To determine if aggressive treatment initiated early in the course of rheumatoid factor positive or negative polyarticular juvenile idiopathic arthritis (poly-JIA) can induce clinical inactive disease (CID) within 6 months.
Between May 2007 and October 2010 a multi-center, prospective, double blind, randomized, placebo controlled trial of two aggressive treatments was conducted in 85 children aged 2 to 16 years with polyarticular JIA of less than 12 months duration. Patients received either methotrexate 0.5 mg/kg/wk SQ (40 mg max), etanercept 0.8 mg/kg/wk (50 mg max), prednisolone 0.5 mg/kg/d (60 mg max) tapered to 0 by 17 weeks (Arm 1), or methotrexate (same dose as Arm 1), etanercept placebo, and prednisolone placebo (Arm 2). The primary outcome was CID at 6 months. An exploratory phase determined the rate of clinical remission on medication (6 months of continuous CID) at 12 months.
By 6 months, 17 of 42 (40%) of patients in Arm 1 and 10 of 43 (23%) in Arm 2 had achieved CID (X2 = 2.91; p = 0.088). After 12 months, 9 patients in Arm 1 and 3 in Arm 2 achieved clinical remission on medication (p = 0.0534). There were no significant inter-arm differences in adverse events.
Although this study did not meet its primary endpoint, early aggressive therapy in this cohort of children with recent onset polyarticular JIA resulted in substantial proportions of patients in both arms achieving CID by 6 months and clinical remission on medication within 12 months of treatment.
PMCID: PMC3319524  PMID: 22183975
Juvenile idiopathic arthritis; early aggressive therapy; clinical inactive disease; randomized controlled trial
4.  Management of temporomandibular joint arthritis in adult rheumatology practices: a survey of adult rheumatologists 
The temporomandibular (TMJ) is frequently involved in juvenile idiopathic arthritis (JIA), however little is known about management of this joint once a patient transitions from pediatric to adult care and about how rheumatologists approach TMJ involvement in rheumatoid arthritis (RA). The objective of this project was to describe adult rheumatologists’ approaches to the diagnosis and treatment of TMJ arthritis in adults with JIA or RA.
One hundred and eighteen rheumatologists responded to an online survey of adult rheumatologists in the United States and Canada. Respondents estimated that 1-25% of their patients with RA or JIA had TMJ arthritis. Respondents reported lower rates of MRI use (19%) and higher rates of use of splinting/functional devices (50%) than anticipated. Approximately 80% of respondents reported that their practice had a standardized approach to the evaluation of patients with TMJ arthritis. The most commonly used medical therapies were non-steroid anti-inflammatory drugs, anti-tumor necrosis factor alpha medications, and methotrexate.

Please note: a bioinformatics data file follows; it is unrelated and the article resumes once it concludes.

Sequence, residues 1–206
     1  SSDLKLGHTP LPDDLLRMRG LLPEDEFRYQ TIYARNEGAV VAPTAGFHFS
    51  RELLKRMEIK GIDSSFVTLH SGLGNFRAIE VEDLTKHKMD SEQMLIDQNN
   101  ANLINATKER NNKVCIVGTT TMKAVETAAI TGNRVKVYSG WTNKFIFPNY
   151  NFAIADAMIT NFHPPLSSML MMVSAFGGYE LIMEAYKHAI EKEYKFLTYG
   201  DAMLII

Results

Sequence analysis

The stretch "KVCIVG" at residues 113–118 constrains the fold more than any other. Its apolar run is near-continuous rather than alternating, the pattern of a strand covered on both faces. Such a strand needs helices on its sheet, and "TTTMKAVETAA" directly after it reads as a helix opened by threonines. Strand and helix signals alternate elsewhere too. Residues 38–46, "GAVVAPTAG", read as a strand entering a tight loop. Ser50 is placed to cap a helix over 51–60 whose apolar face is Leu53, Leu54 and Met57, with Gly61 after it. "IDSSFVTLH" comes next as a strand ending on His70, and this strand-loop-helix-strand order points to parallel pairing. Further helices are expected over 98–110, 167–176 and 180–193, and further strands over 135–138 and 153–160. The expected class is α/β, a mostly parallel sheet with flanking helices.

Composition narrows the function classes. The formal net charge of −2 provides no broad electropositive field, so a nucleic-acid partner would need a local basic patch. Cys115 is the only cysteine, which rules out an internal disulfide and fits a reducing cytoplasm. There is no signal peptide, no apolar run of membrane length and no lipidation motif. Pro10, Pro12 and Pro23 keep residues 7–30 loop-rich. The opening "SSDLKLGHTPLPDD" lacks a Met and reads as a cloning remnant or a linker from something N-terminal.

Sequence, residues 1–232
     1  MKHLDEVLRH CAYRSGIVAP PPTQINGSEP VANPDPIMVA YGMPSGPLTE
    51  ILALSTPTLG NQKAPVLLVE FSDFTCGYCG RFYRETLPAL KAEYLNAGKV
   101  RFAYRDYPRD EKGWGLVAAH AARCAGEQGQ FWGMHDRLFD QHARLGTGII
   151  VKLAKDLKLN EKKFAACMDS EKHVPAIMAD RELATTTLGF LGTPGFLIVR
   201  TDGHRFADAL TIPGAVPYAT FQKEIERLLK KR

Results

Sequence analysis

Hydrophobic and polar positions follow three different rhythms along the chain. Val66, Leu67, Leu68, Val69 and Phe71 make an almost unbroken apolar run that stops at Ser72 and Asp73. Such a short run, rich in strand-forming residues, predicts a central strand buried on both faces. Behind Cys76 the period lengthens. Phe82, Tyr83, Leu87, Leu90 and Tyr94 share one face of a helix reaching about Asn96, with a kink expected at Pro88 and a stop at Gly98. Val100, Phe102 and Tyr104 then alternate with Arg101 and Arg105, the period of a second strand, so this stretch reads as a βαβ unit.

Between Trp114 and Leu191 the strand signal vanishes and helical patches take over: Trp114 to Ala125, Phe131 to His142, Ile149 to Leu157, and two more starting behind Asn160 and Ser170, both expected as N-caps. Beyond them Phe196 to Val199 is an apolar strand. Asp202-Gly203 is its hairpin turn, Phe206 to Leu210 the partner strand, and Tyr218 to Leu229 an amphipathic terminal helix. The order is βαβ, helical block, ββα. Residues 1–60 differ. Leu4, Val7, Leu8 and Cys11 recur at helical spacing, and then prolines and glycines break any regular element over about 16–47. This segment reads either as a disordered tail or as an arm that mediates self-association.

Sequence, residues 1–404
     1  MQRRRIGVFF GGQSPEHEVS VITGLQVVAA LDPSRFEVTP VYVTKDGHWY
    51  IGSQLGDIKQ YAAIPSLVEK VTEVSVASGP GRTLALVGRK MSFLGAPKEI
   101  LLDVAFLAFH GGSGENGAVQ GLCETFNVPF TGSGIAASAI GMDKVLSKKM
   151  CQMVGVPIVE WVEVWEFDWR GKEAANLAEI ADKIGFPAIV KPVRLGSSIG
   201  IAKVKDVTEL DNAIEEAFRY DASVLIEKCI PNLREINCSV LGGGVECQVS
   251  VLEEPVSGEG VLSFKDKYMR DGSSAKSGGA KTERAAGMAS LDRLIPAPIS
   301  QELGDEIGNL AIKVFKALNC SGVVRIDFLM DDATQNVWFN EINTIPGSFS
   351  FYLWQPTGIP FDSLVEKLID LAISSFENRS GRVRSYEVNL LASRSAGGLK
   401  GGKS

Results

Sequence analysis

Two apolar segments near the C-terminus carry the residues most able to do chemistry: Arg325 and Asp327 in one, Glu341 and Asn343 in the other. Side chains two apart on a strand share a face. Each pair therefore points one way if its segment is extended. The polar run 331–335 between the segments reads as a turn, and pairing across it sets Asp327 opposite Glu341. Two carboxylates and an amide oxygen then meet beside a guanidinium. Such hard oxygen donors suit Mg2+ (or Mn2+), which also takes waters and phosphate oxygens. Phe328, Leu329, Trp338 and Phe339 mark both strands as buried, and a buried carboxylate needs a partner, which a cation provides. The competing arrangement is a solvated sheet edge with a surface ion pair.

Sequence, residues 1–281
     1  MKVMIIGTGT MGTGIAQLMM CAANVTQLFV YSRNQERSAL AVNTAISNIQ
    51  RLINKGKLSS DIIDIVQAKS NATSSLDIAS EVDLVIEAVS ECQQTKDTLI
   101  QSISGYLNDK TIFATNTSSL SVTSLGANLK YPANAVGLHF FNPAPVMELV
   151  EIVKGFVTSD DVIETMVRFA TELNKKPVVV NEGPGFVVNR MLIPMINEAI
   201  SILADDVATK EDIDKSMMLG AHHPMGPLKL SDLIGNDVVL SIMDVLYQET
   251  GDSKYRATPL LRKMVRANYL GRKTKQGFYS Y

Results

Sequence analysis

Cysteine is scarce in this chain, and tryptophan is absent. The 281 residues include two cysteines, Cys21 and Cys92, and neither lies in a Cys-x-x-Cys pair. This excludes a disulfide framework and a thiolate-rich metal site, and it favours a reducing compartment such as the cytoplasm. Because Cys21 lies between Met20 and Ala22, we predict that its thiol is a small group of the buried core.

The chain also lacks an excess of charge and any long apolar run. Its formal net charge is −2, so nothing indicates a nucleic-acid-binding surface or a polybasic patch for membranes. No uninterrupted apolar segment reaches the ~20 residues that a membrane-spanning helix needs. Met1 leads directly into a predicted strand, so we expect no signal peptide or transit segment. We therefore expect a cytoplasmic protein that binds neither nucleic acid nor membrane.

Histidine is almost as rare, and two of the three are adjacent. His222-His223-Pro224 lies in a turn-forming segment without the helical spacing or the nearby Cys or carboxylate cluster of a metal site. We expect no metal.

Despite the majority of respondents stating that their practices had a standardized approach to the diagnosis and treatment of TMJ disease, there nevertheless appeared to be a range of practices reported. Standardizing the evaluation and treatment of TMJ arthritis across practices may benefit both adult and pediatric patients.
PMCID: PMC3511809  PMID: 22906004
Temporomandibular joint arthritis; Juvenile idiopathic arthritis; Rheumatoid arthritis
8.  Sleep Disturbances and Neurobehavioral Functioning in Children with and without Juvenile Idiopathic Arthritis 
Arthritis care & research  2011;63(7):1006-1012.
To compare sleep disturbances and neurobehavioral function in children with juvenile idiopathic arthritis (JIA) to age-sex matched control children.
Parents of and children (N = 116) 6–11 years of age with (n = 70) and without (n = 46) JIA participated. Parents completed questionnaires on sleep habits, sleep behavior and school competence of their children; children completed computerized neurobehavioral performance tests.
Compared to control children, children with JIA had a statistically significant (p < .001) greater mean overall sleep disturbance score and higher scores on 6 of 8 subscales (all p < .03) on the children’s sleep habits questionnaire (CSHQ). There were no group differences on neurobehavioral performance test scores. However, children, regardless of group, with an overall CSHQ score above an established cut off for clinically significant sleep disturbances had slower mean simple reaction time (t = −2.2, p<.03) and mean 5-choice reaction time (t = −2.3, p<.02) compared to those below the cutoff score. The CHSQ overall sleep disturbance score predicted reaction time (p <0.009), after controlling for age, IQ, medication, and group.